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Crane Hawk!

Wednesday, January 21, 2009

Talk about excited. Any time you put the words "crane" and "hawk" together, a birder is bound to get excited. Here's a ruby-eyed beauty, looking for fish and frogs and crayfish along an eroded bank. I love the soft light falling on him. I'm less in love with the branch bisecting him.I couldn't look at the tangled bank behind him without thinking what a nightmare it would be to paint in watercolor. I can see some branches I'd edit out right off the bat. Some really nice ones, too.I do love the pinky-orange legs, the ruby eye, and the stormcloud plumage. The long legs and crane-like coloration probably led to the name, not to mention the red eyes...White windows in the primaries and bands on the tail were spectacular when he took off. It was a fleeting glimpse of a bird I'd love to know better.

We docked and began an uphill walk toward our night's accommodations. The first thing we saw was a Great Potoo, waiting for nightfall, high in a tree--obviously a stakeout. This is a BIG bird, larger than a screech owl. Loosely related to the nightjars (whip-poor-wills) and frogmouths, but not really. It mostly just lives like they do, catching large flying insects at night, so it looks like them.Flash photo taken in desperation. I much prefer ambient light, even when nonexistent.I know, blurry as all getout. 'sOK. You can tell what it looks like, right?

We wound our way through the Amerindian village of Yupukari, enjoying the soft laughter and a very off-tune guitar in the gently falling night. The sun was a blazing smudge behind the palms and thatched roofs.
A black rooster pecked about in some burnt grass, looking as though he'd been caught in the fire.

And a white-fringed antbird reminded me that we were not in Ohio, or Africa.

Toward evening, we arrived at Caiman House, which is a very cool place. We walked up from the river as the sun sank.I liked it immediately, although it had no raccoons. There were some very nice and well cared-for doggehs (a good barometer of the quality of one's accommodations in the tropics). This is the dining room.The food was great and loaded with fresh vegetables, served family style at a long table. Yum!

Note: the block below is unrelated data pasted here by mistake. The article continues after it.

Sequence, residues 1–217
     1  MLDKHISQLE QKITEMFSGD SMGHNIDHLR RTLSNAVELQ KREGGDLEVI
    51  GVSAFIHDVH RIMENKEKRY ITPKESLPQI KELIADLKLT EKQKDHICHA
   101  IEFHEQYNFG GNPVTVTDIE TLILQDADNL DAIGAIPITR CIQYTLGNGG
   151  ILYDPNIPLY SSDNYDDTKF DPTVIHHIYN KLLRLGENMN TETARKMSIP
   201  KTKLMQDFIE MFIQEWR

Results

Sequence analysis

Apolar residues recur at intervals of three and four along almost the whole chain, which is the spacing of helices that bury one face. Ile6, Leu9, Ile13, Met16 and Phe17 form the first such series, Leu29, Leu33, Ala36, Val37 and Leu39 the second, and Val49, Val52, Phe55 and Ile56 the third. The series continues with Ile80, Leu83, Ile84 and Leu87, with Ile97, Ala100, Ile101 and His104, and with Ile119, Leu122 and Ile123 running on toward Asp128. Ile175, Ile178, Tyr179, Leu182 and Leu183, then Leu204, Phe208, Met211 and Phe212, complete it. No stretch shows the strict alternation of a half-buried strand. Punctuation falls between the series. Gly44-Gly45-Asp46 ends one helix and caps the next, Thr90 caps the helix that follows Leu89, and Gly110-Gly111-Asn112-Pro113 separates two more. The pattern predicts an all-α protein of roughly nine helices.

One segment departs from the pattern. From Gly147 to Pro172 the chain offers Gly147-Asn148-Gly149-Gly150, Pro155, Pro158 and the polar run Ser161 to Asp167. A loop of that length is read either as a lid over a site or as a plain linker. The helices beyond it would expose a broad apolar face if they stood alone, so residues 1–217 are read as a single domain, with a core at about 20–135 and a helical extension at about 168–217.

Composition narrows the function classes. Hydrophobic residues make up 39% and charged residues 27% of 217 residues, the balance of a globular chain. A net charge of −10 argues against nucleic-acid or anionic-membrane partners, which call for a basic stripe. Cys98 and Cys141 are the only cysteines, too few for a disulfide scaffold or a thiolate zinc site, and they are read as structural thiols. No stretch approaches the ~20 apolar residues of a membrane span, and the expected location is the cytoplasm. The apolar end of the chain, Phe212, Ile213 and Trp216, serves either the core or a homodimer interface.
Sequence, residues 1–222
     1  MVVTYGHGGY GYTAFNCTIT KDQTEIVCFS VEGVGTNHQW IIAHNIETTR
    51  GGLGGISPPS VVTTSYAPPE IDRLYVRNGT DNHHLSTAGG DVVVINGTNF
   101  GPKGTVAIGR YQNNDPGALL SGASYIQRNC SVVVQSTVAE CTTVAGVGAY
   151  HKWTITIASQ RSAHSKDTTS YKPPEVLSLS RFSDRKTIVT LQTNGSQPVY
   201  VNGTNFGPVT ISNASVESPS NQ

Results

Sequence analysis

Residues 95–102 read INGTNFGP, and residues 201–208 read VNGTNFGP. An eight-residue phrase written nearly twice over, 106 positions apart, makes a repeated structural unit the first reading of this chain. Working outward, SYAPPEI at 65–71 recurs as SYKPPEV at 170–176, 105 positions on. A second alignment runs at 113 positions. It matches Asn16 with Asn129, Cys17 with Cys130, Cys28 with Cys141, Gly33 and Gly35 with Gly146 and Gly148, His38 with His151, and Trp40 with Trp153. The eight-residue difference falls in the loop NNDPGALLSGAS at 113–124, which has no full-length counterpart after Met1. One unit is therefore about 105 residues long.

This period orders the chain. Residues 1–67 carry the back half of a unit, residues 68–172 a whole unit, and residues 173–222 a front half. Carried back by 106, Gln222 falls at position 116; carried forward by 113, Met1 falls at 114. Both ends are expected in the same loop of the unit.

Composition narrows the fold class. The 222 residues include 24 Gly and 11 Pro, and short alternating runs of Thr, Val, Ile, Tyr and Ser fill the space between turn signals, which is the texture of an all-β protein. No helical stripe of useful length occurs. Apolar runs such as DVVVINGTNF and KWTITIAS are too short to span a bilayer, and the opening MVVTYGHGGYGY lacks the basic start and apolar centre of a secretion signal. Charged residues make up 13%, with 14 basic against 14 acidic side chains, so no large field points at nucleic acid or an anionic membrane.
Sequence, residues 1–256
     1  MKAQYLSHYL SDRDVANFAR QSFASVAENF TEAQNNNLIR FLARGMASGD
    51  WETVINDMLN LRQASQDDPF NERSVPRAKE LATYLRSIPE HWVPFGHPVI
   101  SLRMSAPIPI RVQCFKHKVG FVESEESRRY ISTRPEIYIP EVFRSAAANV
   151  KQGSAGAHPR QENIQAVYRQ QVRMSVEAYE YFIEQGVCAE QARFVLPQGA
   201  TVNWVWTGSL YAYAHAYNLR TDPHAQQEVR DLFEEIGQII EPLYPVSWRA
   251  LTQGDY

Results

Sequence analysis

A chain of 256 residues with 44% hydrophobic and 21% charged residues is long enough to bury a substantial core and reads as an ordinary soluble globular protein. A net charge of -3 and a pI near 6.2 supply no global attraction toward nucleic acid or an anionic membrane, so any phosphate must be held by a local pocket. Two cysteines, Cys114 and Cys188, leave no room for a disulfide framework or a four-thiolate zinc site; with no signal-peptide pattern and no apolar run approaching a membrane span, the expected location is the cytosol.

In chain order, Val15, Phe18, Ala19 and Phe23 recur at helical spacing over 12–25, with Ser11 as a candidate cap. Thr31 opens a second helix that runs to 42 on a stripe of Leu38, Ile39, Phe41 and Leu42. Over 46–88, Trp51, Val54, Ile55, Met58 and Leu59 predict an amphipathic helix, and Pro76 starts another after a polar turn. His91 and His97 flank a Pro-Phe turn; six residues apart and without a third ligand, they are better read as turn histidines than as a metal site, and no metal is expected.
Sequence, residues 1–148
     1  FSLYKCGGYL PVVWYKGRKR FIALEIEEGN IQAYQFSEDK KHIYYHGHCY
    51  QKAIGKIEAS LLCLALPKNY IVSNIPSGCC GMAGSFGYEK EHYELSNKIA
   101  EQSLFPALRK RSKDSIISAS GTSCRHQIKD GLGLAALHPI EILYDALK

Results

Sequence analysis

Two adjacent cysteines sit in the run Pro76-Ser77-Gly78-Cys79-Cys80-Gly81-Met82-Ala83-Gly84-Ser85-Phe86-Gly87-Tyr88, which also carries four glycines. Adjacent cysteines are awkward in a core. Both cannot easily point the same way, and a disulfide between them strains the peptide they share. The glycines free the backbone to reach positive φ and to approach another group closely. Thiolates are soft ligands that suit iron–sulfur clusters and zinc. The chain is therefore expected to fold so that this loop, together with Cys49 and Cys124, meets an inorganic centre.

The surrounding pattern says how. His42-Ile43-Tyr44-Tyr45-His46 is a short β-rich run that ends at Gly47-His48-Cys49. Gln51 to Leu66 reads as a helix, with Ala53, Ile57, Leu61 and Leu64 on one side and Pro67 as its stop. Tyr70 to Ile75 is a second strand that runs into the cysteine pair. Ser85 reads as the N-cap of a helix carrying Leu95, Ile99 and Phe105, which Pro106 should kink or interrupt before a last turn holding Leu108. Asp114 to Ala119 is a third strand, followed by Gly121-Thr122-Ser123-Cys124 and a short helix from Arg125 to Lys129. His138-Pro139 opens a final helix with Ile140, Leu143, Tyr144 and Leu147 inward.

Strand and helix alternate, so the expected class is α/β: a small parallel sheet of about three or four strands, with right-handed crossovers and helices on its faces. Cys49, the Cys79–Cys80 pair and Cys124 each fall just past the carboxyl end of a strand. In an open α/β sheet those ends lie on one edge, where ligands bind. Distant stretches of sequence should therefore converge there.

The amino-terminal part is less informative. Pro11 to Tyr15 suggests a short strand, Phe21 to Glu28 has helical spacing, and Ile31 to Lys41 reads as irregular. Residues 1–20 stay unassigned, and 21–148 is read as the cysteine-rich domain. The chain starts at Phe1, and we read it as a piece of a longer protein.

Just at dusk, a pair of lizards were getting happy on the sundowner deck.The most spectacular sunset I'd seen in 2008 went on and on and on. I loved the black palms against the glowing sky.When viewing sunsets, I always make myself turn around from the main show to see what's going on behind me. It's often as good as the backlit stuff.

But I wasn't expecting a bee-eater, or a fairy tern.


Great photos Julie. I love the last bird in the sky too even though it is difficult to id.


After visiting Guyana through your posts, I just need to say I admire your courage to willingly spend nights and days living in a country so different...the air, climate, culture, food, accommodations, landscape, birds, animals - a surprise around every corner. Some of them not so comfortable, but many breathtaking. You really know how to live and love life. I'm not sure I would adapt so well.


Wow! That cranehawk is outstanding!

I love the colors in that Crane Hawk--so soft, yet strong.
Very dapper looking fellow.
The Potoo, however, needs a bit of grooming.

Oh Mare - those primitive accommodations offer some of the best night's sleep! You tend to feel part of something bigger when you can look up from bed and see the stars and the moon and the silhouette of the forest canopy ablaze with fireflies - all the while knowing that a scorpion is scuttling around under your bed and an enormous bird-eating tarantula is hunting on your palm frond ceiling. Ahh, nature, be still my heart.

JZ - thanks for the crane hawk love. It was one of those things that everyone saw but me. Always love a good reason to go back to places - especially the Amazon!

The crane hawk is cool but a potoo oh my!

We looked long and hard years ago when we were in Costa Rica.

Thanks for introducing us to the Crane Hawk, what a name- you're right about those legs and ruby eyes- stunning!

Holy cow. I love that you saw a potoo! That was one of my favorite parts of The Life of Birds, when the little bird closes his cute little peepers and his mouth and pretends to be a little broken-off stumpy part of a tree.

Now I would be painting that black rooster!!!

Wow, a lot of great shots, but I just can't get over that Crane Hawk. I never knew such a beauty existed!

I agree with everyone here...that Crain Hawk is stunning! I hope we get to see how it is you decide to work out your painting. I love it when you show us that stuff!

But the Great Potoo...what a maw! Thanks for sharing that...even if you don't much like the photo. I've never seen such a mouth!

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